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Readers with lengthy memories may recall that when I first started writing about data catalogues, I predicted that we would soon be in a position whereby we had siloed catalogues all over the place. As a result we were going to need a catalogue of catalogues. And there are a few vendors, of which Informatica is one, who are targeting this market.
The problem for any company wanting to offer this sort of enterprise data catalogue is that metadata is messy. More or less every environment you can think has its distinct metadata from every other and there is no commonality or agreed standards (but see below) about metadata across technologies. Worse, it’s hard to understand metadata. And this is where Informatica and Compact come in. While the two companies have been partners for a couple of years, and have a number of joint customers, bringing them together formally makes a lot of sense as Compact understands the metadata of environments – notably legacy mainframe environments (COBOL copybooks, JCL and so forth), dynamic SQL Stored Procedures and complex ecosystems like SAS and SAP – that Informatica has not. So this acquisition will significantly enhance Informatica’s position, not just for metadata management but also for the data lineage capabilities that that understanding of metadata supports.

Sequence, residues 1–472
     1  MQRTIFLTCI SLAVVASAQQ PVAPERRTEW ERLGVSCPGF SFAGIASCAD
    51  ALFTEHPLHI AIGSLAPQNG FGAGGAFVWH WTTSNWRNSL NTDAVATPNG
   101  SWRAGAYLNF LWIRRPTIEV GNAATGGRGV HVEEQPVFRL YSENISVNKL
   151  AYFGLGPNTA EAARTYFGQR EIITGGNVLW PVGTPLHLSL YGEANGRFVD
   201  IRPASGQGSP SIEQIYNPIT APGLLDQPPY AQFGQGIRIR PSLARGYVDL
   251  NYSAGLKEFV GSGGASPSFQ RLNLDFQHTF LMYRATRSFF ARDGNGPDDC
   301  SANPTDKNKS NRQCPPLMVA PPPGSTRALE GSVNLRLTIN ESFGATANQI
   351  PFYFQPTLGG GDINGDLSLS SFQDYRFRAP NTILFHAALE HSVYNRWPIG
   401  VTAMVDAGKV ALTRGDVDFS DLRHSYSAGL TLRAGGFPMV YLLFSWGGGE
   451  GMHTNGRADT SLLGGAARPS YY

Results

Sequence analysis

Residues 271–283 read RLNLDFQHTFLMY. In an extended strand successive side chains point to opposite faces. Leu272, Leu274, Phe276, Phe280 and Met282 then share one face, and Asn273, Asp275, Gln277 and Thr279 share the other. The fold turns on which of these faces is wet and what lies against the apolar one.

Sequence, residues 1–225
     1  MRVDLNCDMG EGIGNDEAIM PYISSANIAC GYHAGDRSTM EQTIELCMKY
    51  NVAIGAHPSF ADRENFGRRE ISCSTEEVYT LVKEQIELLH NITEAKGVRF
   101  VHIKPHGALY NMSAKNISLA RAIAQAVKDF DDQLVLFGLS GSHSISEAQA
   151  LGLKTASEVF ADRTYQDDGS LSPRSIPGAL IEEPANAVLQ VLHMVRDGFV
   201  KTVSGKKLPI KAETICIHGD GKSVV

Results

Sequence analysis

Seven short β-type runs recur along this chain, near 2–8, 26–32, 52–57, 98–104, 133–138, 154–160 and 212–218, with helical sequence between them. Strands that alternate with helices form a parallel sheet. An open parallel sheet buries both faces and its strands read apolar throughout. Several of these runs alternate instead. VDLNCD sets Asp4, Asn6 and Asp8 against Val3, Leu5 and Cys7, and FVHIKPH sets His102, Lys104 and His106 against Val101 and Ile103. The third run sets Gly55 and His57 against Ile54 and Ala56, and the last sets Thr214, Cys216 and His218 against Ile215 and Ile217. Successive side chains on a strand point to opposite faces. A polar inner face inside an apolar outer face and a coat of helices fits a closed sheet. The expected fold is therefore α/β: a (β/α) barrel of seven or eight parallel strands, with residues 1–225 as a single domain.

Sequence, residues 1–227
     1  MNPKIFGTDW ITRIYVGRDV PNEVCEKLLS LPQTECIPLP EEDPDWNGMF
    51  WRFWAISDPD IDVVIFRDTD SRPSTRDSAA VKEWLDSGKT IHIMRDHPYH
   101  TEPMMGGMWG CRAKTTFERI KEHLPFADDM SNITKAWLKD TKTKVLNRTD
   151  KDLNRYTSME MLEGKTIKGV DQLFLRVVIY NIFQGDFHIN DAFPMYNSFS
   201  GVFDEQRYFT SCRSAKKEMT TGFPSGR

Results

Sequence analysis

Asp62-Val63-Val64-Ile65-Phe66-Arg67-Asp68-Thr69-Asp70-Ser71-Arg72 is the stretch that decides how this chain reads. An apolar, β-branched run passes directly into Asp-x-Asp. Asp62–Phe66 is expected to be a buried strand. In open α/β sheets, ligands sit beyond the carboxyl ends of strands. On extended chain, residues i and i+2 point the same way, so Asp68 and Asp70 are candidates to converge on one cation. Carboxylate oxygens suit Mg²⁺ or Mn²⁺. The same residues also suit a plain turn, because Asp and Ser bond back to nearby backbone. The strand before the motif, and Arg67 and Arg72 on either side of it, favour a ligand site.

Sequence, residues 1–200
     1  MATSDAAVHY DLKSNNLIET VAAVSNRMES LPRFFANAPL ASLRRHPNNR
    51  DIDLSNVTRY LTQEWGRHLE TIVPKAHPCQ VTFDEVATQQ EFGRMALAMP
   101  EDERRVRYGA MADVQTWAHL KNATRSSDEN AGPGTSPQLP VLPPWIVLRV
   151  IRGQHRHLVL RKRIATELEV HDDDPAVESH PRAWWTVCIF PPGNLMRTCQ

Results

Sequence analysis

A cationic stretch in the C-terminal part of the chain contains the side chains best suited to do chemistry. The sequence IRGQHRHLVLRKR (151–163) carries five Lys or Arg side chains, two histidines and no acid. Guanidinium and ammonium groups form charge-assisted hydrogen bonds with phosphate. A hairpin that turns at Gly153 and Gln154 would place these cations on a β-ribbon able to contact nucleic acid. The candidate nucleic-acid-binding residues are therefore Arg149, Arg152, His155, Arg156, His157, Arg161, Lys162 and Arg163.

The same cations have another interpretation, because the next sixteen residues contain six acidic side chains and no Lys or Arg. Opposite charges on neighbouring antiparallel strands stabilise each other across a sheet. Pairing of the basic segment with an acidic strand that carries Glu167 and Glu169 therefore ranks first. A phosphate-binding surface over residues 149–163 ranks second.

More generally with respect to metadata the big problem is with the lack of standards, and readers may recall that I have previously extolled the virtues of ODPi Egeria (a Linux Foundation project). This is Informatica’s stated position with respect to this:
We continue to watch ODPi Egeria and its progress, but have no firm date yet on becoming part of the initiative. On the other hand, we are investing in deeply integrating with other metadata catalogs for our Catalog of Catalogs vision. An example is our integration with Apache Atlas where we can extract object and lineage metadata, reconcile that with metadata in our Enterprise Data Catalog to present a comprehensive enterprise view of the metadata. Other catalog connectors are AWS Glue and Cloudera Navigator, and connectors for Azure Data Catalog v2 and Google Data Catalog are in the pipeline.”
Fixing the metadata problem has been an issue for more than 30 years. Could we finally be getting somewhere? The danger, of course, is that we end up with multiple (well, a few) catalogues of catalogues, which don’t talk to each other. Of course, you may be able to interconnect via APIs (Informatica supports this) but this isn’t a deep level of integration. In any case I’m in favour of Egeria. Nevertheless, Informatica’s acquisition of Compact is to be welcomed as a step in the right direction.